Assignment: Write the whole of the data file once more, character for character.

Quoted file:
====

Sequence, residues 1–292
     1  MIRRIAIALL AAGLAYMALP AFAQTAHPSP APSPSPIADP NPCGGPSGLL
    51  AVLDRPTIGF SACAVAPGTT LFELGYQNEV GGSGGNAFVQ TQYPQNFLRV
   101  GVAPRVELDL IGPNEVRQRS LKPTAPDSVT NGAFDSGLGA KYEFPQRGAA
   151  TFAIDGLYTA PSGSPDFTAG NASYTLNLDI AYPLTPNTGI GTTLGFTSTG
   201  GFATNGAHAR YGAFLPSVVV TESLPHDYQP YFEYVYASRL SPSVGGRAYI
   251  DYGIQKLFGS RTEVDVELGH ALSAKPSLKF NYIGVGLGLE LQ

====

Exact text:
Sequence, residues 1–292
     1  MIRRIAIALL AAGLAYMALP AFAQTAHPSP APSPSPIADP NPCGGPSGLL
    51  AVLDRPTIGF SACAVAPGTT LFELGYQNEV GGSGGNAFVQ TQYPQNFLRV
   101  GVAPRVELDL IGPNEVRQRS LKPTAPDSVT NGAFDSGLGA KYEFPQRGAA
   151  TFAIDGLYTA PSGSPDFTAG NASYTLNLDI AYPLTPNTGI GTTLGFTSTG
   201  GFATNGAHAR YGAFLPSVVV TESLPHDYQP YFEYVYASRL SPSVGGRAYI
   251  DYGIQKLFGS RTEVDVELGH ALSAKPSLKF NYIGVGLGLE LQ